by Don  

The Russian word for tomato is помидор, as in «На балконе я посадил помидоры» “I planted tomatoes on the balcony.” Russians make great use of their apartment living space, so I've seen all sorts of plants being raised on balconies in the summer time in Moscow.

Of course, once you talk about tomatoes, you have to talk about tomato sauce. How would you go about putting together a phrase like that in Russian? In English it is common to put two nouns in a row with the first modifying the second, like in "city park." Russian mostly doesn't do that: normally the first word has to be put into adjective form. To make the adjective, you start with the stem of the noun, add an adjectival suffix and case endings. For instance:

NounAdjectiveExample phrase
столстоловыйстоловая ложка tablespoon
чайчайныйчайная ложка teaspoon
чайный гриб tea mushroom
городгородскойгороской парк city park

With that in mind, a clever student might predict that "tomato sauce" in Russian would be «помидорный соус». But alas, even though there is such a word as помидорный, the Russians almost never use it in regards to the sauce. Instead they usually say томатный соус. If you think that implies that there must also be a word томат, you would be exactly right, but the noun томат is used much less often than the noun помидор. Thus one says «Я обожаю помидоры» “I adore tomatoes” using the one root, but one says «Меня обрызгал скунс, пришлось отмываться томатным соусом» “I got sprayed by a skunk and had to take a bath in tomato sauce” using the other root. Actually, they don't natively have skunks in Russia, so that won't be a big issue for you.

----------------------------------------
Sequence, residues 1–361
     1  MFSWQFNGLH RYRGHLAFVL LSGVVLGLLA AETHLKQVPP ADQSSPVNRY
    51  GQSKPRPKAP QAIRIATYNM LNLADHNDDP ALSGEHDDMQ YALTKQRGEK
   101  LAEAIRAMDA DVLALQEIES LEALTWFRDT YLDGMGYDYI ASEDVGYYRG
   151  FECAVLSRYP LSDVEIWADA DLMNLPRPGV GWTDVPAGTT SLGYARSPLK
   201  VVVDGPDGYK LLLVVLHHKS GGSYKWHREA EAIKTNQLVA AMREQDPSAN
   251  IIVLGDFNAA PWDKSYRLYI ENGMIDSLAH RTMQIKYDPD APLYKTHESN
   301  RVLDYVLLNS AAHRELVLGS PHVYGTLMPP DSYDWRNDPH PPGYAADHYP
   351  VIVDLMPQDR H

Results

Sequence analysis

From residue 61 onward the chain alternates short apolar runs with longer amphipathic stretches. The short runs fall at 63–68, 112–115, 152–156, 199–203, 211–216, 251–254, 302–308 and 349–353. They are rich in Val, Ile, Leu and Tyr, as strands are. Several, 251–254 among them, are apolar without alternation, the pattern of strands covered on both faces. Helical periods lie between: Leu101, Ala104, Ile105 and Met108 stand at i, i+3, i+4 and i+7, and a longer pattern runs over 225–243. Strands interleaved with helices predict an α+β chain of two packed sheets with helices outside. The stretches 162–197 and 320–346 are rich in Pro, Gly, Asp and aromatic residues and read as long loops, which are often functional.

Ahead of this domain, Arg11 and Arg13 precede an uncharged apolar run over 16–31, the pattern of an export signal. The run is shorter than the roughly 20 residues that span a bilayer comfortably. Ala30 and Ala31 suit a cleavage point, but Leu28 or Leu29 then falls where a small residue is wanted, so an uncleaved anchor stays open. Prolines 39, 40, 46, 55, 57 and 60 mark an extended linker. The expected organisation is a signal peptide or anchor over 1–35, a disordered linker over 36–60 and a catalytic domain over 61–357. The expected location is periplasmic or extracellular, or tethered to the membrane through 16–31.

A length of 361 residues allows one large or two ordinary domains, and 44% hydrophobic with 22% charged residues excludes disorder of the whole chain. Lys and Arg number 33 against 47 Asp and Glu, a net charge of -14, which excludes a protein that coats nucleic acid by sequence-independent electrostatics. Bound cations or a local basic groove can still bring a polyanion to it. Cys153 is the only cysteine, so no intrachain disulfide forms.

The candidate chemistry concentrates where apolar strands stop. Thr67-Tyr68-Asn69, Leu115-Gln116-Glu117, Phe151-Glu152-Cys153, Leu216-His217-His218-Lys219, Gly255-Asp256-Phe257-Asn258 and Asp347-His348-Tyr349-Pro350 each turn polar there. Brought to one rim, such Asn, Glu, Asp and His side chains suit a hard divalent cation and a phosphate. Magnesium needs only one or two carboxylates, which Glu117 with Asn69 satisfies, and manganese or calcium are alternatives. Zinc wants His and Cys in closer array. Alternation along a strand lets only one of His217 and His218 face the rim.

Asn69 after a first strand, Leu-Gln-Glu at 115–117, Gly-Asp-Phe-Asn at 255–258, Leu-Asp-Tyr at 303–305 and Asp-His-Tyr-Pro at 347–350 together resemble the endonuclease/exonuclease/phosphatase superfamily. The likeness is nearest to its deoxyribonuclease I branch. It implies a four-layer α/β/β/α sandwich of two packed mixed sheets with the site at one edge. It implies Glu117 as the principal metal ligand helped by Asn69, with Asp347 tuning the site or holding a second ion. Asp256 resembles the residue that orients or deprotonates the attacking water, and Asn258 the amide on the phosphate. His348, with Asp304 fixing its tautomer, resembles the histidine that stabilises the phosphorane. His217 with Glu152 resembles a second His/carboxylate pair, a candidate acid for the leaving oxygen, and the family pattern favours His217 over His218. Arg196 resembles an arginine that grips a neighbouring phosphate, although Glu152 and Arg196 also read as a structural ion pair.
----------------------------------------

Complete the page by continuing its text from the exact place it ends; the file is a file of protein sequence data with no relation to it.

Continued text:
dedie Tomate
esel tomate
frla tomate


Comment from: Jamaal Borowiak [Visitor]

Hi there, firstly, I would like to say it’s a superb web site you got here. What I wanted to ask is, I haven’t understood the way to include your website rss in my feed subscriber - where is the link to the feed? Many thanks

Don responds: I believe that is browser dependent. In Safari/Firefox I think there is a button in the URL window that lets you do so. In Internet Explorer I have no idea. Use the browser’s help function to figure it out.

06/07/10 @ 21:15
Comment from: Laura [Visitor]

It’s also worth mentioning that помидор is derived from the French “pomme d’or” or “golden apple,” which, along with “pomme d’amour” or “apple of love,” was used to mean tomato.

10/06/08 @ 17:28

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